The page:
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Protect The Lives Of Burn Pit Veterans

8,915 signatures toward our 50,000 Goal

17.83% Complete

Sponsor: The Veterans Site

Millions of suffering veterans are proof that burn pits kill. It's time Congress listens to them!


Army veteran Dan Jentik struggles with his breathing, an act that most of us take for granted every day. It's not a genetic disease, but something he contracted during his service in the military. Jentik is one of the thousands of men and women who served in Iraq and Afghanistan and worked around the toxic black smoke of burn pits. These veterans are now sick or dying from the effects of toxic gas inhalation 1.

"You just constantly saw the smoke or you smelled it, pretty much everyday, all day," Jentik said of the acrid environment around the pits1.

More than 3 million service members like Jentik were likely exposed to toxic burn pits during their service overseas, yet the VA continues to deny them care by placing the burden of proof on veterans suffering from rare cancers, lung diseases, and respiratory illnesses2.

A committee of National Academies of Sciences, Engineering and Medicine researchers has denied any link between serious respiratory illness and burn pits. The NAS said more studies are necessary to definitively link respiratory illnesses in troops and veterans to their exposure to burn pits and airborne hazards while deployed in the Southwest Asia Theater3.

However, millions of suffering veterans say otherwise. The VA has set up a number of resources to confront the very issue this so-called scientific institution denies exists.

In the U.S. Department of Veterans Affairs factsheet, "10 Things To Know About Burn Pits5," the VA maintains that exposure to burn pits was common among service members overseas and may have health effects.

"Toxins in burn pit smoke may affect the skin, eyes, respiratory and cardiovascular systems, gastrointestinal tract and internal organs," the VA factsheet reports.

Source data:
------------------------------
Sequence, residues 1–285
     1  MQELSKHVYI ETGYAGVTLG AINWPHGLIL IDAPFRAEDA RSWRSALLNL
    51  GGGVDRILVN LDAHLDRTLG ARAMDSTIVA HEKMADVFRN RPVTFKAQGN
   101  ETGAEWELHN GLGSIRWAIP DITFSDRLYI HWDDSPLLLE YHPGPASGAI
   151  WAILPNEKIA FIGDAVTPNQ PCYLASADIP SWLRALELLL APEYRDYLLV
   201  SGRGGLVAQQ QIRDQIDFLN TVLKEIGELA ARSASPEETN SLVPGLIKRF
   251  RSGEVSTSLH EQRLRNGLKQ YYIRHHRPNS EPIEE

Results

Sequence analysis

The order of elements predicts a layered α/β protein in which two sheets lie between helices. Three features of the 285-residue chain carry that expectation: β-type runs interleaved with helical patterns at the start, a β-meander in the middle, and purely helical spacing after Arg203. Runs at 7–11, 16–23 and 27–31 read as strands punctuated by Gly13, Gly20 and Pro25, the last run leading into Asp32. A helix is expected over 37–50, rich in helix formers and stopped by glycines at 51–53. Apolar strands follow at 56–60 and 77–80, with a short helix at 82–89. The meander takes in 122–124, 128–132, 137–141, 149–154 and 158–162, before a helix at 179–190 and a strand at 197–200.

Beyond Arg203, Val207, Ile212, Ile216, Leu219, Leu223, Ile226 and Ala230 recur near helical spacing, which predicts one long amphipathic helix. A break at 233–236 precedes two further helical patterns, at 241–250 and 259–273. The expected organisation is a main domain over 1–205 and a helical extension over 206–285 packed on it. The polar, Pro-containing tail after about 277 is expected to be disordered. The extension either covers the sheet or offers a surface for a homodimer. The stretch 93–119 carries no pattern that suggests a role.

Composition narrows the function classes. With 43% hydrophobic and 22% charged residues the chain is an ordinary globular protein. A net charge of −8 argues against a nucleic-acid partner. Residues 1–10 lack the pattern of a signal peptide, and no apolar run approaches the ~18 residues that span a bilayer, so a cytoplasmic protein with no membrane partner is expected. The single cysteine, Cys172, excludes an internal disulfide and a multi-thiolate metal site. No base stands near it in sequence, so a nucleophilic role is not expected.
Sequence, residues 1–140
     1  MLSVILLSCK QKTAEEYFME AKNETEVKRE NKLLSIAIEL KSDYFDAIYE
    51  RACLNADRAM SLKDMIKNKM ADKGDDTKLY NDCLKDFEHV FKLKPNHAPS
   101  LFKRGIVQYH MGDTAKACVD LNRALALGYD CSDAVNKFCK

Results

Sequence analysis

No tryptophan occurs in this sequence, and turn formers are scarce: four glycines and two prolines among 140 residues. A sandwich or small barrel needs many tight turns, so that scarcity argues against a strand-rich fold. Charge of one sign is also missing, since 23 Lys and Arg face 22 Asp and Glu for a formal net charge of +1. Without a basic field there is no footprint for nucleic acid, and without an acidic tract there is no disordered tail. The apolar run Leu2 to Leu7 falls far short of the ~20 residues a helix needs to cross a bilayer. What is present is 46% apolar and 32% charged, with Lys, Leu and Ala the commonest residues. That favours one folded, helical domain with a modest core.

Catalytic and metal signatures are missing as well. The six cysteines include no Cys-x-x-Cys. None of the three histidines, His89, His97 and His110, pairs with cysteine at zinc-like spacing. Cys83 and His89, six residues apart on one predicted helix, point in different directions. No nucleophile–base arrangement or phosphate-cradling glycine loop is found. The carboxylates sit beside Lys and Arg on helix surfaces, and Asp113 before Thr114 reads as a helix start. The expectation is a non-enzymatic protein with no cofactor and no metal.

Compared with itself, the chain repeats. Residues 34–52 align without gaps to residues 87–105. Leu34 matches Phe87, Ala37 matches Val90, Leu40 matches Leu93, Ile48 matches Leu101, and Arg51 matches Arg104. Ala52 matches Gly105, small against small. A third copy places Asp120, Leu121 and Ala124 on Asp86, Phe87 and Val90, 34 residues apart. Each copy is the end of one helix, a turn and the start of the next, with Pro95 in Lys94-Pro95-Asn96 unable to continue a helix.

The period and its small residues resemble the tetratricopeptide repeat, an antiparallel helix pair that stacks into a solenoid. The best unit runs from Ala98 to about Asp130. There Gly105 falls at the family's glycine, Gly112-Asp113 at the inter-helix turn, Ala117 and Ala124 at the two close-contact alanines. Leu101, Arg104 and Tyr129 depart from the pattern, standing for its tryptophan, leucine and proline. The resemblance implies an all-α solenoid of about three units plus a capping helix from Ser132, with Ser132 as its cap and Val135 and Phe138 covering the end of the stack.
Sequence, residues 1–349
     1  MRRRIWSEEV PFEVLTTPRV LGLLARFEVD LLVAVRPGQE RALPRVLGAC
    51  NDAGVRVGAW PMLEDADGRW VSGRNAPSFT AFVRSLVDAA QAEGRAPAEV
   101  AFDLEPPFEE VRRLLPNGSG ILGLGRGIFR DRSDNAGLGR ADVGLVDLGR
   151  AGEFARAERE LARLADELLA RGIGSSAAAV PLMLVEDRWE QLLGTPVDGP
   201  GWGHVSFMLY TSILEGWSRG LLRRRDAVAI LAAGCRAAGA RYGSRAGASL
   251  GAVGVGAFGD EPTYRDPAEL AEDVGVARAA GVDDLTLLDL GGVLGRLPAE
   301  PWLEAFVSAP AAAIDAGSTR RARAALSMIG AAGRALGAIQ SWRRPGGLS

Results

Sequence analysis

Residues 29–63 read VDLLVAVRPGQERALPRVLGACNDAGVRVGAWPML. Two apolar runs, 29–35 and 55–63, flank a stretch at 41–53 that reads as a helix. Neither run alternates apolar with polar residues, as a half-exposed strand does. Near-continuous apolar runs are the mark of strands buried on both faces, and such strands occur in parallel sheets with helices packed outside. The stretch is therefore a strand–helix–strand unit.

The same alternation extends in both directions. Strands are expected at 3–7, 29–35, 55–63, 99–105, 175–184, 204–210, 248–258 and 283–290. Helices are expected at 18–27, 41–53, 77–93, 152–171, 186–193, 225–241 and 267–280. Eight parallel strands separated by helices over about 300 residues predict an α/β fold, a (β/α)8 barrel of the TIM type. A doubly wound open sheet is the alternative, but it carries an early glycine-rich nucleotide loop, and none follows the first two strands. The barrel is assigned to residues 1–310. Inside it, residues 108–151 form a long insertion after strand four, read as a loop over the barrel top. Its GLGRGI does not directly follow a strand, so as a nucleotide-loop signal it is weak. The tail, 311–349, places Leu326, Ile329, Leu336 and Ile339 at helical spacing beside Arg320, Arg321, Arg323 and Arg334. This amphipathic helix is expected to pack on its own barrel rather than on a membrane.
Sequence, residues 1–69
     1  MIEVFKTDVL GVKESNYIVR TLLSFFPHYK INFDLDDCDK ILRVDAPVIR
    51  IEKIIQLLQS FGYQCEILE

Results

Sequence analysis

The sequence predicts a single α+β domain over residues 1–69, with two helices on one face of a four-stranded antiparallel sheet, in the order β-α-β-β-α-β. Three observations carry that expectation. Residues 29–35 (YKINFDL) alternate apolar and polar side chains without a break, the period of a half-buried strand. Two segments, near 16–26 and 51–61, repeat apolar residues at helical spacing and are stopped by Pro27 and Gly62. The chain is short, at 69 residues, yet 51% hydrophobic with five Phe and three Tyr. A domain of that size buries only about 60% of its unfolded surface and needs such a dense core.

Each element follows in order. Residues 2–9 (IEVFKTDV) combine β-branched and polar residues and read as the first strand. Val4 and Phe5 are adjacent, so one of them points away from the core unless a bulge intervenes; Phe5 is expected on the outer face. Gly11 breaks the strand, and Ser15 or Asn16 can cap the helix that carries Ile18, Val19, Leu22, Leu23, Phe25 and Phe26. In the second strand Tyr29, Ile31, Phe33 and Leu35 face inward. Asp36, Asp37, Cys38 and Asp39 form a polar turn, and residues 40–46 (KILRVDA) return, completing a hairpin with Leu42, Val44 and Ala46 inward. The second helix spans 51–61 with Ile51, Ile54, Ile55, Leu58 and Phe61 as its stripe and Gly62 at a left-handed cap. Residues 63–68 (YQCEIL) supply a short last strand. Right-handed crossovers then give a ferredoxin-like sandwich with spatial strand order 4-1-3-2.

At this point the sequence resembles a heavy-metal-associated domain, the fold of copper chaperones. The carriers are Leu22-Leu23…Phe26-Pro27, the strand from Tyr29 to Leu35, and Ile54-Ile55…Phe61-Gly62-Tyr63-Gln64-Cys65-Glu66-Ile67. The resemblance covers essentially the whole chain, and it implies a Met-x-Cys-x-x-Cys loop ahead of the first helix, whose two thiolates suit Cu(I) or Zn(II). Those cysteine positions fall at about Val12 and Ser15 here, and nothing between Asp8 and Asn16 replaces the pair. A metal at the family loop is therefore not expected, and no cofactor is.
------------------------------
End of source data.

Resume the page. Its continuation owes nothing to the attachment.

The Presumptive Benefits for War Fighters Exposed to Burn Pits and Other Toxins Act6 will finally establish a presumptive service connection for veterans exposed to burn pits and other toxins and streamline the process for obtaining vital VA benefits. This bill has bipartisan support from members of congress, but needs your help in becoming law.

Our veterans have put their lives on the line for our country, and during that time millions of them were exposed to hazardous air pollution. It's time we recognize the full sacrifice they have made, and extend treatment benefits for the serious illnesses they may have incurred during their service.

Sign below and tell congress to pass the Presumptive Benefits for War Fighters Exposed to Burn Pits and Other Toxins Act now!

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The Petition:

Dear Sen. Jerry Moran and Sen. Jon Tester, chairpersons of the Senate Committee on Veterans Affairs,

The National Academies of Sciences, Engineering and Medicine has concluded that there is not enough data to link exposure to the toxic gases produced by massive burn pits our service members work near overseas and serious respiratory illness.

The VA registry now contains millions of arguments against this conclusion.

Our current service members and veterans have put their lives on the line for our country, and more than 3 million were exposed to hazardous air pollution. It's time we recognize the full sacrifice they have made, and extend treatment benefits for the serious illnesses they may have incurred during their service.

The Presumptive Benefits for War Fighters Exposed to Burn Pits and Other Toxins Act will finally establish a presumptive service connection for veterans exposed to burn pits and other toxins and streamline the process for obtaining vital VA benefits.

I fully support the passage of this bill, and demand that the Senate Committee on Veterans Affairs do the same.

Sincerely,

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Signatures: